If you are looking for some new feel good music, tracks to hype you up during finals season grind, a pick-me-up amid this rollercoaster of a year—or all three—look no further than “Good News.” Last week on Friday, Nov. 20, rapper, songwriter and self-identified “Hot Girl Coach” Megan Thee Stallion dropped her debut studio album, including 17 songs and coveted features ranging from rappers DaBaby, City Girls and Young Thug, to soulful singers like SZA and Beyoncé. Earlier this year, Megan had intended to release her EP “Suga” in March as an album, but had complications with her label, so “Good News” will be her first studio album in her four years as a hip-hop artist.
“Good News” comes at the end of an especially wild and tumultuous year for Megan Thee Stallion. In March, her remix of “Savage” with Beyoncé landed her first No. 1 song on the Billboard Hot 100 chart. The song is a time capsule to the early days of quarantine, the two Houston natives rapping about self-confidence and making references to TikTok, “Demon Time” and OnlyFans. Beyoncé’s rich vocals bring a sultry vibe to the sassy track, and offered a beacon of light during the uncertain and anxious first months of lockdown in a global pandemic. Megan has said that collaborating with Beyoncé was the highlight of her year. Along with her hit song “WAP” with rapper Cardi B, Stallion has had many notable highs this year.
Over the summer, however, Megan Thee Stallion’s name flooded pop culture headlines as news broke that she was allegedly shot in the feet by rumored partner and fellow rapper, Tory Lanez. In her opening track “Shots Fired,” Stallion does not hold back, rapping in graphic detail on the night of the shooting and dissing Lanez with some not-so-subtle lyrics. Over the smooth yet slightly mysterious beat of “I’m Afraid the Masquerade Is Over” used and most well known in Notorious B.I.G.’s “Who Shot Ya,” Megan sets the record straight once and for all: “Now y’all in cahoots, you a puss in boots / You shot a 5’10” bitch with a .22 / Talkin’ ’bout bones and tendons like them bullets weren’t pellets.” She disses her assailant while also asserting her resilience and strength, saying “We all know this shit I coulda came back with.” It is clear who she is slamming in her lyrics, as Megan says “I told him ‘You’re not poppin’, you just on the remix’ (What’s poppin’?),” alluding to Tory Lanez’ feature on Jack Harlow’s “WHATS POPPIN’? Remix” released earlier this year. “Shots Fired” is one of many tracks in which Megan Thee Stallion shows fans a look into the pain she experiences, despite what one may expect from the album title. In the lines “And we still ain’t got no fuckin’ justice for Breonna Taylor,” Megan continues to show her solidarity with the Black Lives Matter movement, and emphasizes protecting Black women in particular.
Including “Shots Fired,” Stallion has always paid homage to hip-hop and R&B artists who came before her. “B.I.T.C.H,” a track on her EP “Suga,” is a spinoff of a 1996 2Pac song. On “Good News,” Megan also samples Jazmine Sullivan’s “Holding You Down (Goin’ in Circles)” 10 years later, in “Circles.” This song’s upbeat tempo offers a refreshing spin on Sullivan’s neo-soul vocals lamenting on a dysfunctional relationship. Stallion remakes the song into one that is more uplifting, reminding us that even if someone changes and “turn[s] out to be a clown,” that “we ain’t goin’ back and forth with the lil’ boys.”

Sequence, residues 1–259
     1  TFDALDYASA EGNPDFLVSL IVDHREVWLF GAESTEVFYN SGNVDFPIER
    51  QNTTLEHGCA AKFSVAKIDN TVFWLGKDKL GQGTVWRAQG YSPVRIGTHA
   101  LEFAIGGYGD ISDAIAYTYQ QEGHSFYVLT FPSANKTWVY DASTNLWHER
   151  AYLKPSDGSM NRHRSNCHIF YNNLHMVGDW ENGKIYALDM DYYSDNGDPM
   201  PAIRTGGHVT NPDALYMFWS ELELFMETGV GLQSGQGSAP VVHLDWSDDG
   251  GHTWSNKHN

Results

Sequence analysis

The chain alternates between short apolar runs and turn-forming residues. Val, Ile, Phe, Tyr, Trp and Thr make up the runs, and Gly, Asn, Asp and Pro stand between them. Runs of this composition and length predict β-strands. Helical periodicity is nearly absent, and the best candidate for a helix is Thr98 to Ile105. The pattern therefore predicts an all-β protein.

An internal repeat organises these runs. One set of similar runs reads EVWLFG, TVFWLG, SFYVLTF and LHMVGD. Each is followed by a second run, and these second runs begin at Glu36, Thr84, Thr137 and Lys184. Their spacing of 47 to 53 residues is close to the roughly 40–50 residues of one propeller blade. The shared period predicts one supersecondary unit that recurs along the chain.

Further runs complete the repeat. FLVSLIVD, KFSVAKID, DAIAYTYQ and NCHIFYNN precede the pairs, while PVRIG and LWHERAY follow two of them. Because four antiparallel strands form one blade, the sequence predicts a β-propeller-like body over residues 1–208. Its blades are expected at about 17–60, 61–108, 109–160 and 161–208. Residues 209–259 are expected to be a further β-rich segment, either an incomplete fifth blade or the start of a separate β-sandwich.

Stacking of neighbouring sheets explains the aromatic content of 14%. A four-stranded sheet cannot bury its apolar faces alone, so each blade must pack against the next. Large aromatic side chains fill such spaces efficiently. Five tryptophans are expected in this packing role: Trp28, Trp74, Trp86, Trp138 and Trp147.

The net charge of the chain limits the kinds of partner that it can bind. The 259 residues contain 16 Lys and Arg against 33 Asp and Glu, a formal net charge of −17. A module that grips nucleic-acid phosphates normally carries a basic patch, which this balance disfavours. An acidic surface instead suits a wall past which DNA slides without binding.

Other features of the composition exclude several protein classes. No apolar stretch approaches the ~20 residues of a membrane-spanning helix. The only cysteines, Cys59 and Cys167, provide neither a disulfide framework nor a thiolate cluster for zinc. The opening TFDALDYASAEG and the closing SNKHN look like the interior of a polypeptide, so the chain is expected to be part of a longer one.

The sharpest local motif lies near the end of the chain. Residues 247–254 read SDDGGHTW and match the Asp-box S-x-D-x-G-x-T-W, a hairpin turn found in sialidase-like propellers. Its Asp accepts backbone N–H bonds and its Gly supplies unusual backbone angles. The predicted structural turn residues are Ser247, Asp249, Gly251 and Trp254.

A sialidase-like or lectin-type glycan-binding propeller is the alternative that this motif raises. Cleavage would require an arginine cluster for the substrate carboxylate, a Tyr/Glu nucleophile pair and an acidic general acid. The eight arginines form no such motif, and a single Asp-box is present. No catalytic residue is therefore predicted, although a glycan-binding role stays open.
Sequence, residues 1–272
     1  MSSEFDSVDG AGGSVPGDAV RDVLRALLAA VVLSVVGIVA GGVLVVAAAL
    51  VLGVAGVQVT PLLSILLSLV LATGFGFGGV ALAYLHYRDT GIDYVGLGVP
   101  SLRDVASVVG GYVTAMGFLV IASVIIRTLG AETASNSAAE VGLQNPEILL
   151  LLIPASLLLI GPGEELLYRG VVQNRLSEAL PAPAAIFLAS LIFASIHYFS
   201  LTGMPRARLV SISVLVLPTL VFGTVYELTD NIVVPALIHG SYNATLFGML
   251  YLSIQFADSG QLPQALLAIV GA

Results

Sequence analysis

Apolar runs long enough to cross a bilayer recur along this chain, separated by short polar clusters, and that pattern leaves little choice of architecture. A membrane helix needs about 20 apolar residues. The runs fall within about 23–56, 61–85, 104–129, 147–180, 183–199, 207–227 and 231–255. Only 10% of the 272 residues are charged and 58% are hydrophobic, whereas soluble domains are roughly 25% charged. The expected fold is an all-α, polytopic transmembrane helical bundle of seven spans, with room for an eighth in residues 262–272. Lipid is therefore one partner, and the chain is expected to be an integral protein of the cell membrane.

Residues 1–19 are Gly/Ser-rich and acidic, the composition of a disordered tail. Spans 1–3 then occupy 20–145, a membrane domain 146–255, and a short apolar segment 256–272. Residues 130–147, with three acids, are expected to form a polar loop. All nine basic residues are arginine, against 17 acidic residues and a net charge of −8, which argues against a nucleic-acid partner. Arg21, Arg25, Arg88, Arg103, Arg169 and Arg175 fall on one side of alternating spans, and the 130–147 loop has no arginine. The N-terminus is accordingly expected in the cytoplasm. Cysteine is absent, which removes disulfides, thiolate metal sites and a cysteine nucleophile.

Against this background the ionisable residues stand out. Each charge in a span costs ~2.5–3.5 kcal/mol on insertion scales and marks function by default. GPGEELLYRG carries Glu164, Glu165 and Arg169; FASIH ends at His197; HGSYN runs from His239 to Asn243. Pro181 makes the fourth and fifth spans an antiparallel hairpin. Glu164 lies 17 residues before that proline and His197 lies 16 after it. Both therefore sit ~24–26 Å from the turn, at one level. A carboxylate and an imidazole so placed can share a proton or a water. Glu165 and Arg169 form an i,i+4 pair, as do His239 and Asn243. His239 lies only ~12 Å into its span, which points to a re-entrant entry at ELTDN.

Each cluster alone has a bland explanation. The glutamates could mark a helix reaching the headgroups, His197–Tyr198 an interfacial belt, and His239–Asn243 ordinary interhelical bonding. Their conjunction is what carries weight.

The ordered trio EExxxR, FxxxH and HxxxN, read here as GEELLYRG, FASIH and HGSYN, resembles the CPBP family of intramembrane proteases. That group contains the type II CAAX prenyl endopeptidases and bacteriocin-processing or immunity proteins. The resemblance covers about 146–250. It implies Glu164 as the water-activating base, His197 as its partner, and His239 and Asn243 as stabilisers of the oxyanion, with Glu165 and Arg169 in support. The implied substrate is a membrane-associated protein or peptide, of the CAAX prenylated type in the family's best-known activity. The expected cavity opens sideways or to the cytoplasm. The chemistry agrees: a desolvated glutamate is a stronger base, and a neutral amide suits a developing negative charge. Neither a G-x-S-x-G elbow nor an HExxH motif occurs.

Megan raps on everything from relationship struggles to her late mother. “Circles” is perhaps the most vulnerable look into her feelings in the entire album with the lines: “Bullet wounds, backstabs, mama died, still sad / At war with myself, in my head, bitch, it’s Baghdad,” and in the same verse, rapping, “And my clothes fit tight, but my heart need a seamstress.” Despite her unfazed, independent and seemingly invincible nature, Megan shows listeners that she is not just an untouchable celebrity — she is a regular human being who deals with lows along with all of the highs that come with being in the spotlight. Showing impressive breath control and catchy flows, “Circles” speaks to Megan’s theme of finding the silver linings within the bad and challenging times.
Although Megan heavily incorporates serious topics into her music, she also makes sure to deliver positive messages in songs like “Body” and “Work That.” These tracks rap about bodily autonomy, reclaiming one’s sexuality and generally include the sex-positive attitude she is known for in previous songs with explicit lyrics, such as “WAP.” When explaining “Body,” which has blown up as a dance challenge on TikTok, Stallion notes, “the song ‘Body’ … is me just empowering women to appreciate their bodies.” Over the catchy chorus that is sure to get stuck in your head, Megan repeats the phrase “body,” which is used to suggest having a nice figure. Megan brags about her desirability with explicit sounds and lines “body crazy, curvy, wavy, big titties, lil’ waist.” The fast-paced song, which is initially shocking as it features the sound of a woman moaning in the background, is perfect for dancing along to and for screaming in the car with friends. In “Work That,” Stallion continues the positive and fun attitude, encouraging her listeners to be ambitious and to own themselves: “Bitch, touch them toes, ayy, bitch, get that dough / If you in love with your body, bitch, take off your clothes.”
Overall, “Good News” explores both the good and the bad, but aims to put a positive spin on these challenging times. Stallion agrees: “During this time of lots of bad news, I wanted to be a light in a dark situation. And I wanted you to hear the ‘Good News’ from Megan Thee Stallion… I hope that [the album] creates great memories for people during this crazy time. I want you to listening to my music and it made you feel so good and keeps making you feel good.”